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to my purgation. I have trod a measure; I have flatter'd a lady; I have been politick with my friend, smooth with mine enemy; I have undone three tailors; I have had four quarrels, and like to have fought one.
Jaq. And how was that ta'en up?
Touch. ?Faith, we met, and found the quarrel was upon the seventh cause.
Jaq. How seventh cause?-Good my lord, like this fellow.
Duke S. I like him very well.
Touch. God'ild you, sir; I desire you of the like. I press in here, sir, amongst the rest of the country copulatives, to swear, and to forswear; according as marriage binds, and blood breaks :-A poor virgin, sir, an ill-favour'd thing, sir, but mine own; a poor humour of mine, sir, to take that that no man else will: Rich honesty dwells like a miser, sir, in a poor house; as your pearl, in your foul oyster.
Duke S. By my faith, he is very swift and sententious.
Touch. According to the fool's bolt, sir, and such dulcet diseases.
Jaq. But, for the seventh cause; how did you find the quarrel on the seventh cause?
Touch. Upon a lie seven times removed ;-Bear your body more seeming, Audrey:-as thus, sir. I did dislike the cut of a certain courtier's beard; he sent me word, if I said his beard was not cut well, he was in the mind it was: This is called the Retort courteous. If I sent him word again, it was
not well cut, he would send me word, he cut it to please himself: This is called the Quip modest. If again, it was not well cut, he disabled my judgment: This is call’d the Reply churlish. If again, it was not well cut, he would answer, I spake not true: This is call’d the Reproof valiant. If again, it was not well cut, he would say, I lie: This is called the Countercheck quarrelsome: and so to the Lie circumstantial, and the Lie direct.
Jaq. And how oft did you say, his beard was not well cut?
Touch. I durst go no further than the Lie circumstantial, nor he durst not give me the Lie direct; and so we measured swords, and parted.
Jaq. Can you nominate in order now the degrees of the lie?
Touch. O sir, we quarrel in print, by the book; as you have books for good manners: I will name you the degrees. The first, the Retort courteous; the second, the Quip modest; the third, the Reply churlish; the fourth, the Reproof valiant; the fifth, the Countercheck quarrelsome; the sixth, the Lie with circumstance; the seventh, the Lie direct. All these you may avoid, but the Lie direct; and you may avoid that too, with an If. I knew when seven justices could not take up a quarrel; but when the parties were met themselves, one of them thought but of an If, as, If you said so, then I said so; and they shook hands, and swore brothers. Your If is the only peace-maker; much virtue in If.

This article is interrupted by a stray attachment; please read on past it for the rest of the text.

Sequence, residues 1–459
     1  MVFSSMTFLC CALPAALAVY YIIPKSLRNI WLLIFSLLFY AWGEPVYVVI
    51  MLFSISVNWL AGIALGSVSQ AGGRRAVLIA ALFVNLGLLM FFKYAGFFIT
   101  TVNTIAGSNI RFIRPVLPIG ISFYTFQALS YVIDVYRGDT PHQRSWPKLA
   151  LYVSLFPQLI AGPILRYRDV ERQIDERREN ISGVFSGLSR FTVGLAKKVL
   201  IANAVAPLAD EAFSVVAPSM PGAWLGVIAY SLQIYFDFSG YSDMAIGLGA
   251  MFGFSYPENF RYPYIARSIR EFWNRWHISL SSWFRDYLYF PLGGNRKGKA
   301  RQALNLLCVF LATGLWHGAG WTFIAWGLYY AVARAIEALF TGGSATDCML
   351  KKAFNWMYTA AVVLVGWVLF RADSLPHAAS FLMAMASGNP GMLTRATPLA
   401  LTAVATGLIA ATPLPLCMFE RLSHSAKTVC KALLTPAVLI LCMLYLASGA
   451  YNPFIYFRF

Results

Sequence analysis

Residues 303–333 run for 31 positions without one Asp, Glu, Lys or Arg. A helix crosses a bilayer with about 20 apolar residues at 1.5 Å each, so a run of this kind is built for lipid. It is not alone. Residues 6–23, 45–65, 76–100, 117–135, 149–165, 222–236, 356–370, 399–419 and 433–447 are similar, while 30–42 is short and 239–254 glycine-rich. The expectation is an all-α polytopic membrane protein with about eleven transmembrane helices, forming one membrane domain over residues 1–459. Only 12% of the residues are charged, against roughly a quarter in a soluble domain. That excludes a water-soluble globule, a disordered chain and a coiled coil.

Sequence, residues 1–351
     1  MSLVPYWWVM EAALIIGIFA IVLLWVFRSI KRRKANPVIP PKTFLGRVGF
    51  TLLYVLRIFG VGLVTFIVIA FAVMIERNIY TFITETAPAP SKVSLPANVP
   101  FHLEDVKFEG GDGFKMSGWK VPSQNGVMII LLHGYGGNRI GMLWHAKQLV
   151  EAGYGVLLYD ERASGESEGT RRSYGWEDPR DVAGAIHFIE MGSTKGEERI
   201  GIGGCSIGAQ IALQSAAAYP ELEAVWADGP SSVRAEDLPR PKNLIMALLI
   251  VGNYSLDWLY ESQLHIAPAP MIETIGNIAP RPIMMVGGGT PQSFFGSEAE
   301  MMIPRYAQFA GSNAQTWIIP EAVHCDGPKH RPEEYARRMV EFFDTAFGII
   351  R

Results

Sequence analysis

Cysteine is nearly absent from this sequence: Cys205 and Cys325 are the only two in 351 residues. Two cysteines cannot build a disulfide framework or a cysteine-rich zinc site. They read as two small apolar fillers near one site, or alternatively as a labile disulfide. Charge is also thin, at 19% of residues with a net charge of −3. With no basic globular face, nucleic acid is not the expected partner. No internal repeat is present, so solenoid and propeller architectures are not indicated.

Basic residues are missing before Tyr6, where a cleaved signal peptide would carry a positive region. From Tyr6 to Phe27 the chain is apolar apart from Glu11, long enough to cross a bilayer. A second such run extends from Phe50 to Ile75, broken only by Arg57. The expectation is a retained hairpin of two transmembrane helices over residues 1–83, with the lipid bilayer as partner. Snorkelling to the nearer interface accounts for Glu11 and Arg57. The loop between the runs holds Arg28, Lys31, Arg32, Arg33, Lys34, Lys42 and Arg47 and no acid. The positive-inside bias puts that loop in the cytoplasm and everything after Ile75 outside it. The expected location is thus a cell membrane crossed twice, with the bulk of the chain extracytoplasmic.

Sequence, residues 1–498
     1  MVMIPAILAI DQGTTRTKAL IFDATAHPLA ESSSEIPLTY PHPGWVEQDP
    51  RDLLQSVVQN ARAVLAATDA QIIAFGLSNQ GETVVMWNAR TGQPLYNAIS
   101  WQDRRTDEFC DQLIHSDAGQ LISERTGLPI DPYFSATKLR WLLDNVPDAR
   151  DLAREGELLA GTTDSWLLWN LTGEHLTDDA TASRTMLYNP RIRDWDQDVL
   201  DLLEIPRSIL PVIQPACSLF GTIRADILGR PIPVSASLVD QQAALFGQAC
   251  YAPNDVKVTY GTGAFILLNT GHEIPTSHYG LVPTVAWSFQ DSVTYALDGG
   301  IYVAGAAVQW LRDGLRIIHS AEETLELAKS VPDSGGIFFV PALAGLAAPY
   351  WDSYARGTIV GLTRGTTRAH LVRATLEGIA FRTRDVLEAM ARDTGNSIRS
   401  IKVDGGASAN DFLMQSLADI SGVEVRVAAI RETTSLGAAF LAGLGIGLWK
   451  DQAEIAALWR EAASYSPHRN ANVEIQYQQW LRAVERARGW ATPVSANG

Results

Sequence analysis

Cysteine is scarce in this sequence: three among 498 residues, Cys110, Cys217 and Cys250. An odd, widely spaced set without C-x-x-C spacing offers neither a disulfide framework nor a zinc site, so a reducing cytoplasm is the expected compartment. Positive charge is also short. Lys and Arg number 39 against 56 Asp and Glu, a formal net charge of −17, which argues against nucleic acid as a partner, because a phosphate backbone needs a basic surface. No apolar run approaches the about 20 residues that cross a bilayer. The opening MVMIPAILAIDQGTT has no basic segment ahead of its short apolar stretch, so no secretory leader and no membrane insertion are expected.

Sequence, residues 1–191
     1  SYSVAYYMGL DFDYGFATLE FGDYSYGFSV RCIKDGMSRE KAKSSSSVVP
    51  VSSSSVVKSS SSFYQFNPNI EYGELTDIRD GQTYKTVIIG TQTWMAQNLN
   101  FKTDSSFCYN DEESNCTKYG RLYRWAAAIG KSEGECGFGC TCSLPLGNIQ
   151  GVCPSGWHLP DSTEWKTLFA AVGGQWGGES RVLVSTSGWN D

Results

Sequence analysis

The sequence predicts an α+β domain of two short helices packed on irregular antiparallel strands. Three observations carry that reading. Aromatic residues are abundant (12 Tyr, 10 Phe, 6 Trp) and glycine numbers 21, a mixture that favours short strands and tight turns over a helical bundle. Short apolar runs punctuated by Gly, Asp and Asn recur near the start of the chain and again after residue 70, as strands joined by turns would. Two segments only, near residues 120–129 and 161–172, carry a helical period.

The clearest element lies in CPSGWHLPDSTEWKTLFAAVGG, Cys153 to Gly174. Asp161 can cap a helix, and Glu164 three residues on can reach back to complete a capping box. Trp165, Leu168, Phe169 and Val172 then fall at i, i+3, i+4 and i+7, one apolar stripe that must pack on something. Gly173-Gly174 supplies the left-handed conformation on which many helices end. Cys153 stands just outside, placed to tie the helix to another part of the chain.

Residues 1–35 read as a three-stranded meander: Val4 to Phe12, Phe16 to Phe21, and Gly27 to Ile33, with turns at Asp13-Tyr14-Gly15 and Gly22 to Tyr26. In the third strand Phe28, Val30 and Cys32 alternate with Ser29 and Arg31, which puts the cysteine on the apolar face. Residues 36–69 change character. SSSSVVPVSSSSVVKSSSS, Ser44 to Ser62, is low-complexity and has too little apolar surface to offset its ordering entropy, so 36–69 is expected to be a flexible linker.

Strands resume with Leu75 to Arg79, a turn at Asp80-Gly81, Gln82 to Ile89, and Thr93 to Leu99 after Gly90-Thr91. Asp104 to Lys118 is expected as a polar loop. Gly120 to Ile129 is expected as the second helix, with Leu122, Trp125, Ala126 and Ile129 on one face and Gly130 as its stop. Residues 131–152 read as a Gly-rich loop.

Jaq. Is not this a rare fellow, my lord ? he's as good at any thing, and yet a fool.
Duke S. He uses his folly like a stalking-horse, and under the presentation of that, he shoots his wit.
Enter Hymen, leading Rosalind in woman's clothes;
Hym. Then is there mirth in heaven,
When earthly things made even
Yea, brought her hither;
Ros. To you I give myself, for I am yours.
[To Duke S. To you I give myself, for I am yours.
[To Orlando. Duke S. If there be truth in sight, you are my
daughter. Orl. If there be truth in sight, you are my Ro
[To Duke S. I'll have no husband, if you be not he:
[To Orlando. Nor ne'er wed woman, if you be not she. [To Phebe. Hym. Peace, ho! I bar confusion:
'Tis I must make conclusion
Of these most strange events:
If truth holds true contents.
[To Orlando and Rosalind. You and you are heart in heart:
[To Oliver and Celia.
[To Touchstone and Audrey.
Wedding is great Juno's crown;
O blessed bond of board and bed!
High wedlock then be honoured:
Duke S. O my dear niece, welcome thou art to
me; Even daughter, welcome in no less degree.
Phe. I will not eat my word, now thou art mine; Thy faith my fancy to thee doth combine.
Enter Jaques de Bois.
Welcome, young man; Thou offer'st fairly to thy brothers' wedding: To one, his lands with-held; and to the other, A land itself at large, a potent dukedom. First, in this forest, let us do those ends That here were well begun, and well begot: And after, every of this happy number, That have endur'd shrewd days and nights with us, Shall share the good of our returned fortune, According to the measure of their states.